Northeast dealers tend to be more generous with some benefits than dealers in other regions. Specifically, paid sick leave/personal business days, deferred compensation plans and short-term disability were more likely to be offered in the Northeast.
"It's supply and demand," says Mr. Shaker, whose dealerships are in the Northeast. "The un-employment rate in this area is something like 1.7%. It's made it really hard on the dealer.
"Finding really intelligent people who work hard and who you can trust with millions of dollars in inventory in this environment is very difficult."
Mr. Jackson adds, "The Northeast is union-influenced. It creates a culture of expectation. Even if you don't have a union shop, you have to compete with stores that are."
Incentives, or spiffs, still are popular ways to reward dealership troops, especially in larger stores.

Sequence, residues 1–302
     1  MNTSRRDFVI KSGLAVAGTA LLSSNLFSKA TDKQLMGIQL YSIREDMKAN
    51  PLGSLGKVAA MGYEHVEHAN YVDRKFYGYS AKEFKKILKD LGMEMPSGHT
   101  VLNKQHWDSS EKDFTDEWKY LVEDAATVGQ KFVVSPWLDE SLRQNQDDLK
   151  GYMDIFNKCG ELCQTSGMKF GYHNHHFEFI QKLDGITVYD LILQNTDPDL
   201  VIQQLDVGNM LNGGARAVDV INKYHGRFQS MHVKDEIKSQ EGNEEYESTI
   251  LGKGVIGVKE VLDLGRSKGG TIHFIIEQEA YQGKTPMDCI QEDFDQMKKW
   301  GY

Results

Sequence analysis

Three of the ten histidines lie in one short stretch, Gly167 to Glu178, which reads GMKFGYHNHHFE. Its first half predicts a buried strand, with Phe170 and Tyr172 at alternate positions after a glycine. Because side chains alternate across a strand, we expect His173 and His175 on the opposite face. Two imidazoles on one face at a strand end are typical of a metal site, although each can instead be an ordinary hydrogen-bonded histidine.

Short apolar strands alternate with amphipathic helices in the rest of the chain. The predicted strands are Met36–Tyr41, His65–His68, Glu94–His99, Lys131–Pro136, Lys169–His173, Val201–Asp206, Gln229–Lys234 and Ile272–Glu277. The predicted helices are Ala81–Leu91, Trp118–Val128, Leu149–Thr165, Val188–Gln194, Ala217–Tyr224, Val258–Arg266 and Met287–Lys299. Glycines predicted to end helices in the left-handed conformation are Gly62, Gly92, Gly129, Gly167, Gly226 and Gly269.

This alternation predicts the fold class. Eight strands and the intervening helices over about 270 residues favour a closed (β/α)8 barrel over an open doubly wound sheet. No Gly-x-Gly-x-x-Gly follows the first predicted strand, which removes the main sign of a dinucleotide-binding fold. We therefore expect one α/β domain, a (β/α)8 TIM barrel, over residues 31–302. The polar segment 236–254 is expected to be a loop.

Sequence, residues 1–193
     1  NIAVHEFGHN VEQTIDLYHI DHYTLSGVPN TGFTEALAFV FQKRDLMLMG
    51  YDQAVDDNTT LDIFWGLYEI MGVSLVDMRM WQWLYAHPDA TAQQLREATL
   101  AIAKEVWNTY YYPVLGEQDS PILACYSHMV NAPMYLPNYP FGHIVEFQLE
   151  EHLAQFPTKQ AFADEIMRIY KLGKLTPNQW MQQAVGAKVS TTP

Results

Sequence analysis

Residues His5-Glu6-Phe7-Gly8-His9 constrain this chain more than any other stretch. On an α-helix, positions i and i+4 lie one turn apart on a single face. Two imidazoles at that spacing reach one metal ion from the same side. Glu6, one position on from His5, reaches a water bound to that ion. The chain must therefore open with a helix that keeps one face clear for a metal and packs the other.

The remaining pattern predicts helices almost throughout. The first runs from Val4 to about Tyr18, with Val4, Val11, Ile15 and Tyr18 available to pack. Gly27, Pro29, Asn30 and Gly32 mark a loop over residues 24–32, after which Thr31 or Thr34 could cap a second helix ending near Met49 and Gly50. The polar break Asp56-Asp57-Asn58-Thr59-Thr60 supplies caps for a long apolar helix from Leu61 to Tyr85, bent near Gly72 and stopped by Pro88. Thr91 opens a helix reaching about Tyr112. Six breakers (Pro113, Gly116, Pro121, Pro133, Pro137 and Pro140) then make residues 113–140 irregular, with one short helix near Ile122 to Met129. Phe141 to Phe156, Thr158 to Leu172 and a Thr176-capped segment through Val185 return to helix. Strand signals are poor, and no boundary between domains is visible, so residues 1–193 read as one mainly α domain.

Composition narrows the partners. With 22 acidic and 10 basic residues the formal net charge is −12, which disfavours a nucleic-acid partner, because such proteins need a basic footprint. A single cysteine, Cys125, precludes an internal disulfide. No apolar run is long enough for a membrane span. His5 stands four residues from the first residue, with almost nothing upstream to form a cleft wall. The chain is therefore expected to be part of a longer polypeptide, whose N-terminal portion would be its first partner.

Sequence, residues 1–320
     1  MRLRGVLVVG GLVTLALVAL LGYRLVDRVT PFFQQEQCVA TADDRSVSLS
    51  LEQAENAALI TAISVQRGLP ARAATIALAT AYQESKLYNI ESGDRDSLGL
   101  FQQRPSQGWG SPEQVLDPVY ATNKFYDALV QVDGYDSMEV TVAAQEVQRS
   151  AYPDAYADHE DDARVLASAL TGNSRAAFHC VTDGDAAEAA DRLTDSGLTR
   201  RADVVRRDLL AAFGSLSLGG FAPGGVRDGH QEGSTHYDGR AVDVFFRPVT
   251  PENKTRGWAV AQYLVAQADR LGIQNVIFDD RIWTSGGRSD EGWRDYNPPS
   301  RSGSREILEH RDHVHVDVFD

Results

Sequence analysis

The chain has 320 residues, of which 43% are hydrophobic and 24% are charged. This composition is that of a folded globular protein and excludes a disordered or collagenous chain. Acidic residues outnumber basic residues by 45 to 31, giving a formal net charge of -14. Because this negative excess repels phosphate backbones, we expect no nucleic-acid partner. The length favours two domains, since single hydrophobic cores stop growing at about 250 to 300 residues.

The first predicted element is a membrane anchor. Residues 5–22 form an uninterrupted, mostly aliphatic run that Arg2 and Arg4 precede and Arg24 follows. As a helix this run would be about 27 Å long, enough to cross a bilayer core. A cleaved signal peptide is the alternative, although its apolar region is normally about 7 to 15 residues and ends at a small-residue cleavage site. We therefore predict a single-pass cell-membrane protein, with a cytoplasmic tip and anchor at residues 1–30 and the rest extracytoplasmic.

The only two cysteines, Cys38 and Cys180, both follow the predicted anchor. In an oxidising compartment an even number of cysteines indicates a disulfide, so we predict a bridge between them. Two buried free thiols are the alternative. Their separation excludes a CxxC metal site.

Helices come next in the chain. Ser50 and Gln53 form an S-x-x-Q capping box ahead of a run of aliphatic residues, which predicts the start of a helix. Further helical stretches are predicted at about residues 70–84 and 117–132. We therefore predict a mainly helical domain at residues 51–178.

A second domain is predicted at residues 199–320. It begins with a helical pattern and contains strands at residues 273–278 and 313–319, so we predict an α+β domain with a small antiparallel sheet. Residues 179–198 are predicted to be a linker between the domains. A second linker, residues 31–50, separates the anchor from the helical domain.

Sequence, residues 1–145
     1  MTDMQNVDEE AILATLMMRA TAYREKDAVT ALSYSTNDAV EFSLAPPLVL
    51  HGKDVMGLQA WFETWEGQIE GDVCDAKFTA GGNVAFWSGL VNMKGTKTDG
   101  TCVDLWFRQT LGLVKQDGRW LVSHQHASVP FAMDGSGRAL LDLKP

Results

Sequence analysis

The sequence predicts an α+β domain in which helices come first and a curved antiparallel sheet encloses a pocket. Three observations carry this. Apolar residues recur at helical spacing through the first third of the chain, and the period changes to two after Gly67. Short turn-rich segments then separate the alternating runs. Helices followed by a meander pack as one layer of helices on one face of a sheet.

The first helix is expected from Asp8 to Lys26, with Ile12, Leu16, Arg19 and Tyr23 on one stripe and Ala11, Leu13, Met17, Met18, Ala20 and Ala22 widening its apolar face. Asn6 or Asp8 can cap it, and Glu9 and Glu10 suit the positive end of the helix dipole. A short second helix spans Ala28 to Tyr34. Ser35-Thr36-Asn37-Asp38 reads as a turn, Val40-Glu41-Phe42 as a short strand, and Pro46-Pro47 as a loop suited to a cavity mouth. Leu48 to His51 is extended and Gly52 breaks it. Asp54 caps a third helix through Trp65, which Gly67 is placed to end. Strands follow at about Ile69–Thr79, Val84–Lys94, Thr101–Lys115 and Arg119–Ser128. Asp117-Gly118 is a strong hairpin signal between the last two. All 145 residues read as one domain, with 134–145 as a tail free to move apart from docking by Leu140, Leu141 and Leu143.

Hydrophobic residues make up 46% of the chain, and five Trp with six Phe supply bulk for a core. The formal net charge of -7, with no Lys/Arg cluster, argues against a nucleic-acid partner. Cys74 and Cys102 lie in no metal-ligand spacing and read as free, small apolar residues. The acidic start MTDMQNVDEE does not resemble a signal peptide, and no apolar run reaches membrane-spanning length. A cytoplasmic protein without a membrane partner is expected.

In the top three segments, 91% to 97% of dealers awarded spiffs, compared to just 58% in the smallest stores.
Cash, used by 75% of dealers, is by far the most common spiff awarded. Bonuses are second at 55%.
While the new- and used-vehicle sales force is most likely to be awarded spiffs, more than half of dealers also awarded spiffs to new- and used-vehicle department managers, as well as the service manager and technicians.
Dealership employees in the West, across the board, make more money than their counterparts in other areas of the country.
"Part of it is the cost-of-living index," explains Mr. Jackson. "Part of it is unions. Some of the differences between regions has to do with the availability of labor. Where it's higher, you'll have to pay more."